'Preserving plant fossil is as important as protecting cultural heritage'

Palaeobotany, often dubbed as a soft science, is the branch of palaeontology that deals with the recovery and identification of plant remains from geological time periods. It is one of the streams of science that receives little attention in India. Mukund Sharma, senior scientist at the Birbal Sahni Institute of Palaeobotany speaks to Dinsa Sachan at Lucknow on the need to preserve India's plant fossils

 
By Dinsa Sachan
Last Updated: Saturday 04 July 2015

Mukund SharmaOn the biggest challenge facing palaeobotany in India

It is lack of a legislation to conserve fossils. Hence, we are not able to preserve geological and palaeontological heritage of India. Look at China and the US. If a site is declared a natural fossil park in these two countries, you cannot carry out any excavation there without the approval of the government. We need to safeguard our palaeobotanical heritage, just like we do our archaeological heritage.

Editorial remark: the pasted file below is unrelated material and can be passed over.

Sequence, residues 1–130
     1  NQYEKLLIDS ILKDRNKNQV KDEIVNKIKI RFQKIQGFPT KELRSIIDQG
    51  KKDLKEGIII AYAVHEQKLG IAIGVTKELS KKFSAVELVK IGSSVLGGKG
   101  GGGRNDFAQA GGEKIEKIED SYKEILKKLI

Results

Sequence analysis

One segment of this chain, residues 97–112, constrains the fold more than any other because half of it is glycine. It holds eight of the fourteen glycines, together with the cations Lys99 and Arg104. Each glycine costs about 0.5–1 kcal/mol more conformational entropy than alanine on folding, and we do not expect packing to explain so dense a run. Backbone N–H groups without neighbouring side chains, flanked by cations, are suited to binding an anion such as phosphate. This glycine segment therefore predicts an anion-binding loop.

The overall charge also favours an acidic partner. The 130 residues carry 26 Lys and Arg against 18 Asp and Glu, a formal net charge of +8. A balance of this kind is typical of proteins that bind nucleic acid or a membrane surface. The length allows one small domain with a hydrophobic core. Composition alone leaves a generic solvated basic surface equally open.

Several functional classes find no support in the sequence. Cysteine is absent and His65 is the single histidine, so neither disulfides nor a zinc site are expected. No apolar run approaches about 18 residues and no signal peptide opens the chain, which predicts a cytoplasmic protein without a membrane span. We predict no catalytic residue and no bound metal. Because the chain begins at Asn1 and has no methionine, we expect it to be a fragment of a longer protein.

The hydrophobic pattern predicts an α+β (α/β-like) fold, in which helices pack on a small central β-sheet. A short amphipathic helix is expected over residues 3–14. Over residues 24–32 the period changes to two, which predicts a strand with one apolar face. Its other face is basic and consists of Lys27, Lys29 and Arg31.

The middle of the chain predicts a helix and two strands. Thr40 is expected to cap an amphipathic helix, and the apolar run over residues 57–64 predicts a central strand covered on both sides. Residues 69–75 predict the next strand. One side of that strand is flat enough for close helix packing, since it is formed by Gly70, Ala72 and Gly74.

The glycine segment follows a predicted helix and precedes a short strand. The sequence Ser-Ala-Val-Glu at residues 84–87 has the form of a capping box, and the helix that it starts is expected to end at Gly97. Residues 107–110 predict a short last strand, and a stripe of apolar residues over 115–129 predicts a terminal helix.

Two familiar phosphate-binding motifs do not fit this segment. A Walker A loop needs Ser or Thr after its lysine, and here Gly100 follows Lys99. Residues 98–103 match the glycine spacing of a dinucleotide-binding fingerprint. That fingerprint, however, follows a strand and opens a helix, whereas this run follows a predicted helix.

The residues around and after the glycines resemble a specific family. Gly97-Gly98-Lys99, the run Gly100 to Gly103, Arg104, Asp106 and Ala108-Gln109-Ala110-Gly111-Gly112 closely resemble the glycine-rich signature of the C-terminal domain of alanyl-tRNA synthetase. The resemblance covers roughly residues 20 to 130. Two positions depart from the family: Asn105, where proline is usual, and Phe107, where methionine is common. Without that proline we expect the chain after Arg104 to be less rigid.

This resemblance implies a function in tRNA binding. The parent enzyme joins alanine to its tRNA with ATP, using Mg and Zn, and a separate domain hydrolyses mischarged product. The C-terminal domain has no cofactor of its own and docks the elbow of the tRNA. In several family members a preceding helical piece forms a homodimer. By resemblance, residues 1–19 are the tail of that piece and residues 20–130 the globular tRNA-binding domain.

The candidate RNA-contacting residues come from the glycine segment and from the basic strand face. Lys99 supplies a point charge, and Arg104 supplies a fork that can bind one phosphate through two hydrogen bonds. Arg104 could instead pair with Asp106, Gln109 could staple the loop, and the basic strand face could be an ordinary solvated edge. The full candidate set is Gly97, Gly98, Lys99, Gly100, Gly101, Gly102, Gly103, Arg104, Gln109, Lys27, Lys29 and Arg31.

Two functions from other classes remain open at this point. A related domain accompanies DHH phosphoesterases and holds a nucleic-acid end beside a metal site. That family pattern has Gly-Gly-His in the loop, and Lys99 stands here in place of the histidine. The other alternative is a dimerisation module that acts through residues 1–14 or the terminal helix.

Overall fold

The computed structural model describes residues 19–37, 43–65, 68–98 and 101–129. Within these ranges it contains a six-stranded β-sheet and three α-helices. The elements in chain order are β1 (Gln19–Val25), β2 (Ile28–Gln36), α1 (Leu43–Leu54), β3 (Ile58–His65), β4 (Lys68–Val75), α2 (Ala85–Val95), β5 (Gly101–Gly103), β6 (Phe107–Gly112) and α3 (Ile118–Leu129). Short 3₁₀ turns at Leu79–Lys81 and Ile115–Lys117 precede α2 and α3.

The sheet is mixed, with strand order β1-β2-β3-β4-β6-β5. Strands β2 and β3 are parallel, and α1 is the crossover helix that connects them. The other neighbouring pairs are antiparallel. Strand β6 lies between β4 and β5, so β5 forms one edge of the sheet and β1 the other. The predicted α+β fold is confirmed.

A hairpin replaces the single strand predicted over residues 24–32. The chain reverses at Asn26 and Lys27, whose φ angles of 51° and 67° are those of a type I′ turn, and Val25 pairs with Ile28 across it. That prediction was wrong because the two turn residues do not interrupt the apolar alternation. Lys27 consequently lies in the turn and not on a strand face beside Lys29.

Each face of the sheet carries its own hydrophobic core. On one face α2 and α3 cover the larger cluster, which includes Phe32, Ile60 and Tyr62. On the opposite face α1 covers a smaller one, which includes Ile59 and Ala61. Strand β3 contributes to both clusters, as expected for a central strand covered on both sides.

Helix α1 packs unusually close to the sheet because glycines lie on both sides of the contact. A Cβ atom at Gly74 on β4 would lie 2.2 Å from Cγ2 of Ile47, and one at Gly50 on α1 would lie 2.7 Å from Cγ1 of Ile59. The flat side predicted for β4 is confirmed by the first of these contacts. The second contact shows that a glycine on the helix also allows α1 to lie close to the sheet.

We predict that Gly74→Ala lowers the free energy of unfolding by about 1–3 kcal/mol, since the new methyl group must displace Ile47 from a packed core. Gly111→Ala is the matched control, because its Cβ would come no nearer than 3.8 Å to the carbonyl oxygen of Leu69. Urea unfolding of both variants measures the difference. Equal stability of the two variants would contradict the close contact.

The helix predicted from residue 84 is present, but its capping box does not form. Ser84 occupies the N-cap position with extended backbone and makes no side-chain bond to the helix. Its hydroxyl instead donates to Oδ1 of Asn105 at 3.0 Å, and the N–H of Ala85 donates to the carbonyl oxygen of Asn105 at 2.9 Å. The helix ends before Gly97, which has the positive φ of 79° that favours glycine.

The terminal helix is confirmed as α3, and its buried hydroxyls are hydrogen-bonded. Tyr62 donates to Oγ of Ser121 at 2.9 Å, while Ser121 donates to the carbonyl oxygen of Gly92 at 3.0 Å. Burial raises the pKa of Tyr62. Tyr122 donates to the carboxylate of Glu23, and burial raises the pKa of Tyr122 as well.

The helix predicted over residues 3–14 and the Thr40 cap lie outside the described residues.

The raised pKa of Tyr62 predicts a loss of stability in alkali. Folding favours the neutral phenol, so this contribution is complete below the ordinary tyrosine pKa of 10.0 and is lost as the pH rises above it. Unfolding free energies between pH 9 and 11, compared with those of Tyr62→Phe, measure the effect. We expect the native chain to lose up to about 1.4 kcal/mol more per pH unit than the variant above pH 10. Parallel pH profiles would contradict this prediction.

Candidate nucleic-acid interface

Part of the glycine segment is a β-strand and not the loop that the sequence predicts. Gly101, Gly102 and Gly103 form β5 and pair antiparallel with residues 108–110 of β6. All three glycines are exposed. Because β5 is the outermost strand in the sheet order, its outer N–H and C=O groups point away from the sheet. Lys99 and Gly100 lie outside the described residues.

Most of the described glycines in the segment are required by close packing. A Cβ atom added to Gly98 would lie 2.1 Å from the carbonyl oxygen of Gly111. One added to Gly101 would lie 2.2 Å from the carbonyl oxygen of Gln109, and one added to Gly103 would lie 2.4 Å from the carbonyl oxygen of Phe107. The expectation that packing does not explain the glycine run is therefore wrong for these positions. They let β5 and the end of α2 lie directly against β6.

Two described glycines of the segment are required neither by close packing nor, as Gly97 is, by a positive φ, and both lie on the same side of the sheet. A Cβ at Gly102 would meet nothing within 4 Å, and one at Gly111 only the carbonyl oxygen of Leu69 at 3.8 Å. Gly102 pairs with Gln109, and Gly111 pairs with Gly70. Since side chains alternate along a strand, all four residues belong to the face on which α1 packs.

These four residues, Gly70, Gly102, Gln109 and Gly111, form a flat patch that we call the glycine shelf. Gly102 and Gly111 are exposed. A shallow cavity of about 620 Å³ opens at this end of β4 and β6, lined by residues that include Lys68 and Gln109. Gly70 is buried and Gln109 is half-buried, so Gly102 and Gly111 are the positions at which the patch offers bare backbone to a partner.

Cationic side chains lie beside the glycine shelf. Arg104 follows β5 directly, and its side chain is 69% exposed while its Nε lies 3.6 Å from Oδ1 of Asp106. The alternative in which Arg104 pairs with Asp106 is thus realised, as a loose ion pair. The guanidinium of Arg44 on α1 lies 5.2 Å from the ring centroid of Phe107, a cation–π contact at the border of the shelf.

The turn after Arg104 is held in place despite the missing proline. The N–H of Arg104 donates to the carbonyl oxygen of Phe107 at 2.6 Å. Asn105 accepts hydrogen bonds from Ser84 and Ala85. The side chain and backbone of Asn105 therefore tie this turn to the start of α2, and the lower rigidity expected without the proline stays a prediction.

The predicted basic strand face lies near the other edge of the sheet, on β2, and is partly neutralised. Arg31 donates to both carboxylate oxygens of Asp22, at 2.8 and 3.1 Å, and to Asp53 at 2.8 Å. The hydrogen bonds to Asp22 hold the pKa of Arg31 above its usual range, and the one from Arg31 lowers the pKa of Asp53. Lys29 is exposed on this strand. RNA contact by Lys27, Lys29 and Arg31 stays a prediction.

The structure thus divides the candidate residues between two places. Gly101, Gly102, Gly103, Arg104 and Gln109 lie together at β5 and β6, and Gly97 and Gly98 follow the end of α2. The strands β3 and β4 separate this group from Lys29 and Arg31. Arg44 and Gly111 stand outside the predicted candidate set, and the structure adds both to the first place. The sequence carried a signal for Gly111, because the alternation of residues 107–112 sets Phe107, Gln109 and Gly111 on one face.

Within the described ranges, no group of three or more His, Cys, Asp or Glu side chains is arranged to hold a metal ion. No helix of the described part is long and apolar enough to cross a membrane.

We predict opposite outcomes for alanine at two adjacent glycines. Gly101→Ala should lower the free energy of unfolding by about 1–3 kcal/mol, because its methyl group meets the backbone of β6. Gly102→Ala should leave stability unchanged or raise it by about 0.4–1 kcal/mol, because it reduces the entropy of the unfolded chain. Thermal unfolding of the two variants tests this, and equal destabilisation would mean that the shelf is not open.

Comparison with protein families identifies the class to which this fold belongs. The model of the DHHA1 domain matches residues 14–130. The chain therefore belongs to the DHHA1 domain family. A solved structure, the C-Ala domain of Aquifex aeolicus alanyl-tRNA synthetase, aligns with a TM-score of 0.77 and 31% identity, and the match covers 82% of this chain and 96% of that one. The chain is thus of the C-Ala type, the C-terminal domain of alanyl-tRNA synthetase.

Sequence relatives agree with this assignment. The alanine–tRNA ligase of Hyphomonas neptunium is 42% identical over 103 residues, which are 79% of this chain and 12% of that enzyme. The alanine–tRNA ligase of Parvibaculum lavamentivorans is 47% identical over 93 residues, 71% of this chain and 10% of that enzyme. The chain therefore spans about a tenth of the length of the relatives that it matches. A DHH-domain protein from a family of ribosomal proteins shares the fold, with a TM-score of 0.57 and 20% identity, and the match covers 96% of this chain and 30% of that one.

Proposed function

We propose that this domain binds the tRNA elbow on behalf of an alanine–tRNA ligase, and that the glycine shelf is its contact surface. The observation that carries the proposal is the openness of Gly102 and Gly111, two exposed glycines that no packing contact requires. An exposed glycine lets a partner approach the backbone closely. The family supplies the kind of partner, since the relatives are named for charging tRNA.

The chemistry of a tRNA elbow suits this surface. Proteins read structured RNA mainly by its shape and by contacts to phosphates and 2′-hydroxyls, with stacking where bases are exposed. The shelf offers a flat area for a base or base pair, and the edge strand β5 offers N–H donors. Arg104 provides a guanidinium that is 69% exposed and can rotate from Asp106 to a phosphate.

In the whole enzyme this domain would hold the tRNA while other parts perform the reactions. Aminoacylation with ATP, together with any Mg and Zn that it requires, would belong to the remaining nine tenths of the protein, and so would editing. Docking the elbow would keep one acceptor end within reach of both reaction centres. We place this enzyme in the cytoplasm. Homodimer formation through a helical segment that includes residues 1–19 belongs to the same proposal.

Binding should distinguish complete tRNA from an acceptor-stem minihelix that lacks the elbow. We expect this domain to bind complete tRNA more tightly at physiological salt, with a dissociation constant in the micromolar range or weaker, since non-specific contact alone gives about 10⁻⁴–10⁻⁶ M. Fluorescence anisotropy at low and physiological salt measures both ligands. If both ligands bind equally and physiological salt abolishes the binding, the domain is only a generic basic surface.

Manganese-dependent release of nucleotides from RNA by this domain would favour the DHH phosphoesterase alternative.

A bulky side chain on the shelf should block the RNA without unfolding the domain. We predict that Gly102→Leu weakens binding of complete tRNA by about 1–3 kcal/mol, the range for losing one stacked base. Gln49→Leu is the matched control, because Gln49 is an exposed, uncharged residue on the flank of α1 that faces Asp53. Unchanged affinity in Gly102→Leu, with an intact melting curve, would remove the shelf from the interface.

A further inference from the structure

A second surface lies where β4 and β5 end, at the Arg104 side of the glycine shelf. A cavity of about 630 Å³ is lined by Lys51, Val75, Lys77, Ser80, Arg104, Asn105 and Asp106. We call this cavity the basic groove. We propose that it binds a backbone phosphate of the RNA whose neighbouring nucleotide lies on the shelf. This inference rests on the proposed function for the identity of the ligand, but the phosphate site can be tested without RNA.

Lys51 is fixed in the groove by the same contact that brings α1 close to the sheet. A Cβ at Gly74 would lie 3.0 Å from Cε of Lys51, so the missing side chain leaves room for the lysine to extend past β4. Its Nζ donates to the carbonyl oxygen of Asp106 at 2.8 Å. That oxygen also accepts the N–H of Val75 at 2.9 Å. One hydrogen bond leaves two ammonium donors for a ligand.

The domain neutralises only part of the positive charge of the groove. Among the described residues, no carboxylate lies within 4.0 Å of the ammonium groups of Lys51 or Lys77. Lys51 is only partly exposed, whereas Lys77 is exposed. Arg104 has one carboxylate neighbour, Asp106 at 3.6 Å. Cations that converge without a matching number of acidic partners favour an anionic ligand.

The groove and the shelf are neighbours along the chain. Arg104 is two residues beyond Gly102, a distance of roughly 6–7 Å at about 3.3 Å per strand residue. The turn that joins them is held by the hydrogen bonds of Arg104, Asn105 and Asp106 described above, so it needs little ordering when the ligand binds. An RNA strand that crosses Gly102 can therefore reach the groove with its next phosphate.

On what needs to be done to change the situation

First, we need a legislation to ensure that fossils are protected. I sent a letter to the Indian Geological Congress to push for a legislation to protect geological heritage in India. I am yet to receive a response.

On his institute's plans

The geochronology—the science of determining the age of rocks, fossils, and sediments—laboratory will be upgraded. A palaeoclimate lab will be established at the institute. There are plans for an astrobiology laboratory under the 12th plan. We are going to be developing models for a mega project on palaeoclimate sanctioned by the Indian government. We are now using some of the latest techniques, such as clamp analysis, for our research. Our research regularly gets published in niche journals like Paleaology and Review of Palaeobotany and Palynology.

On why research work by Indian palaeobotanists are not published in top research journals like Science and Nature

You cannot ignore that top journals can be biased at times. Elsevier, which is a prominent scientific publisher, came out with Elsevier Asia sometime back to publish research published in Asia. Their editorial board comprised completely of Americans and Europeans initially. I strongly spoke against them. Now they have included a few Asians, but there are still no Indians on the list. It is ridiculous if there is no representation from the region the journal covers.
 

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